BMC Urology 08/2014; 14(1):65. DOI:10.1186/1471-2490-14-65 · 1.41 Impact Factor
Available from: PubMed Central
- "Overactive bladder (OAB) is a descriptive term, defined by the International Continence Society as the urinary symptoms of urgency, with or without urge urinary incontinence, usually associated with frequency and nocturia.1 Detrusor overactivity (DO), although associated with OAB, is a urodynamic observation characterized by involuntary contractions during the filling phase, which may be spontaneous or provoked.1 DO is further divided into idiopathic DO (IDO), ie, DO with no clear cause, and neurogenic DO (NDO), which is DO in a patient with an underlying neurological condition (commonly multiple sclerosis, or after spinal injury). "
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ABSTRACT: Overactive bladder (OAB) is a symptom syndrome including urgency, frequency, and nocturia - with or without incontinence. It is a common manifestation of detrusor overactivity (DO). DO is a urodynamic observation of spontaneous or provoked contractions of the detrusor muscle is seen during the filling phase of the micturition cycle. OAB is, therefore, both a motor and sensory disorder. Botulinum toxin is a purified form of the neurotoxin from Clostridium botulinum and has been used in medicine for many years. Over the last 10 years, it has been used for the treatment of DO and OAB when standard treatments, such as bladder training and oral anticholinergic medication, have failed to provide symptom relief. Botulinum toxin acts by irreversibly preventing neurotransmitter release from the neurons in the motor end plate and also at sensory synapses, although the clinical effect is not permanent due to the growth of new connections within treated tissues. It is known that botulinum toxin modulates vanillioid, purinergic, capsaicin, and muscarinic receptor expression within the lamina propria, returning them to levels seen in normal bladders. Clinically, the effect of botulinum toxin on symptoms of OAB and DO is profound, with large effects upon the symptom of urgency, and also large effects on frequency, nocturia, leakage episodes, and continence rates. These effects have been seen consistently within eight randomized trials and numerous case series. Botulinum toxin appears safe, with the only common side effect being that of voiding difficulty, occurring in up to 10% of treated patients. Dosing regimens are variable, depending on which preparation is used, but it is clear that dose recommendations have fallen over the last 5 years. There is limited evidence about the efficacy of repeat treatments. Botulinum toxin is an effective and safe second-line treatment for patients with OAB and DO.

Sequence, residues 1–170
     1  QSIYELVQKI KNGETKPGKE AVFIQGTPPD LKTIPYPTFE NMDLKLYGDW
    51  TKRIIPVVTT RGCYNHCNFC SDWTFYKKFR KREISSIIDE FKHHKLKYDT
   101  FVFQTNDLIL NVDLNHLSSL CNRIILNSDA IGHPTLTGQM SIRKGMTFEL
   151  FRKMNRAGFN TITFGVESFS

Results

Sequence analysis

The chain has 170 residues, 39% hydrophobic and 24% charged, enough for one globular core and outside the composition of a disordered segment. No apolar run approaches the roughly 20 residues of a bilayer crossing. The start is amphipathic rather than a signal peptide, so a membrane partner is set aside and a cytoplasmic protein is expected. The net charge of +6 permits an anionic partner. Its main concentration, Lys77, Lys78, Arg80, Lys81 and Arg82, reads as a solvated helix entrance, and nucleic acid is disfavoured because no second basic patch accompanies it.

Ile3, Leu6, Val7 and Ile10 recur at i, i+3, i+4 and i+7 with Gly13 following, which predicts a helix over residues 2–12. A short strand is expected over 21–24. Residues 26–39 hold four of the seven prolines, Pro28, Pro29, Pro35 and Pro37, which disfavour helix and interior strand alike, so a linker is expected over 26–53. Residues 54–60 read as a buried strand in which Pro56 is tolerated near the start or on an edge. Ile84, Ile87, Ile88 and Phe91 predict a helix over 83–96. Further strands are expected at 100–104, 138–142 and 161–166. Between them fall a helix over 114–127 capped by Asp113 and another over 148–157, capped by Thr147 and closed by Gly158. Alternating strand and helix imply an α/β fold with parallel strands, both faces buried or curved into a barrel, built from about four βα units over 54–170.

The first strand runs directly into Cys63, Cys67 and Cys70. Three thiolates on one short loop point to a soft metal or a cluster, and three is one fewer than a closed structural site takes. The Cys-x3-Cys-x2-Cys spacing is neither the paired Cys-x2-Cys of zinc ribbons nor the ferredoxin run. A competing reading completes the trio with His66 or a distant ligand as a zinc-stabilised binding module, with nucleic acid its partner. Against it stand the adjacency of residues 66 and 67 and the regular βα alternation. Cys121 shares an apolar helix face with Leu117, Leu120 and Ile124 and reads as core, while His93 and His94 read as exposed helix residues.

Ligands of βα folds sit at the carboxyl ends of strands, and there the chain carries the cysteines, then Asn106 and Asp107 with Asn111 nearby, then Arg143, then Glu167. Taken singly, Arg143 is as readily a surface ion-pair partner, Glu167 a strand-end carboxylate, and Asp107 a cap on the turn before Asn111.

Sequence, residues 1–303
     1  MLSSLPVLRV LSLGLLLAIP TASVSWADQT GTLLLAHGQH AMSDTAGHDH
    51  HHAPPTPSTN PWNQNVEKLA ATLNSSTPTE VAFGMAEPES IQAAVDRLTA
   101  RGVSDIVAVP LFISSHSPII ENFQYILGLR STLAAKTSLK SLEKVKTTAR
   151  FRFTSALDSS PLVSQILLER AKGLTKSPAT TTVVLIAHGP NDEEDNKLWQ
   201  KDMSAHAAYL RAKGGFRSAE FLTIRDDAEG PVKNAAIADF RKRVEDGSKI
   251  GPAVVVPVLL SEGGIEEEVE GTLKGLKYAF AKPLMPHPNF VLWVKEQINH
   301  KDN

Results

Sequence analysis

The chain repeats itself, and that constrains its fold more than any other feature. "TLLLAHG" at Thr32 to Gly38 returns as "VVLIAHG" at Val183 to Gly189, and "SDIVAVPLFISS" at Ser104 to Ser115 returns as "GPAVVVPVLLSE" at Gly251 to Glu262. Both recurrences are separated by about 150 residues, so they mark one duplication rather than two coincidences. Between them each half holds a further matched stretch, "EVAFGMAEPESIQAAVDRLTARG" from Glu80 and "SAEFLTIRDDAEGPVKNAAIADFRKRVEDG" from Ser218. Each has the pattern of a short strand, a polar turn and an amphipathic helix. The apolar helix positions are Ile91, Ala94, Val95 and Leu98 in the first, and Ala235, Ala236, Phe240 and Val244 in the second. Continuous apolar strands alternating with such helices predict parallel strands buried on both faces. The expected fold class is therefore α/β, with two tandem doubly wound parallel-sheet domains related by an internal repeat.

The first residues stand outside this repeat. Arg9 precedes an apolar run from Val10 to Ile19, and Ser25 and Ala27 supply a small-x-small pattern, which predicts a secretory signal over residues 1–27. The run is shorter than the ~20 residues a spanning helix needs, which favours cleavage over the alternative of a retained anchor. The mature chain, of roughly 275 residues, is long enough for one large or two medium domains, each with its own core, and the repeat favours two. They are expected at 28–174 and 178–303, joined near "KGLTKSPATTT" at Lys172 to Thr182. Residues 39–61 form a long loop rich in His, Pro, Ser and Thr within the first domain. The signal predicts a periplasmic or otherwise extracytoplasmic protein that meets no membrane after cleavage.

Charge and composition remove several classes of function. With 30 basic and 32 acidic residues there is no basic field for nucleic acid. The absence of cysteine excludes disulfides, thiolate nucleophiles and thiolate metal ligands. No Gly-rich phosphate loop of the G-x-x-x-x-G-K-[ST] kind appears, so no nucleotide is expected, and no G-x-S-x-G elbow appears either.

Research and Reports in Urology 05/2014; 6:51-57. DOI:10.2147/RRU.S44665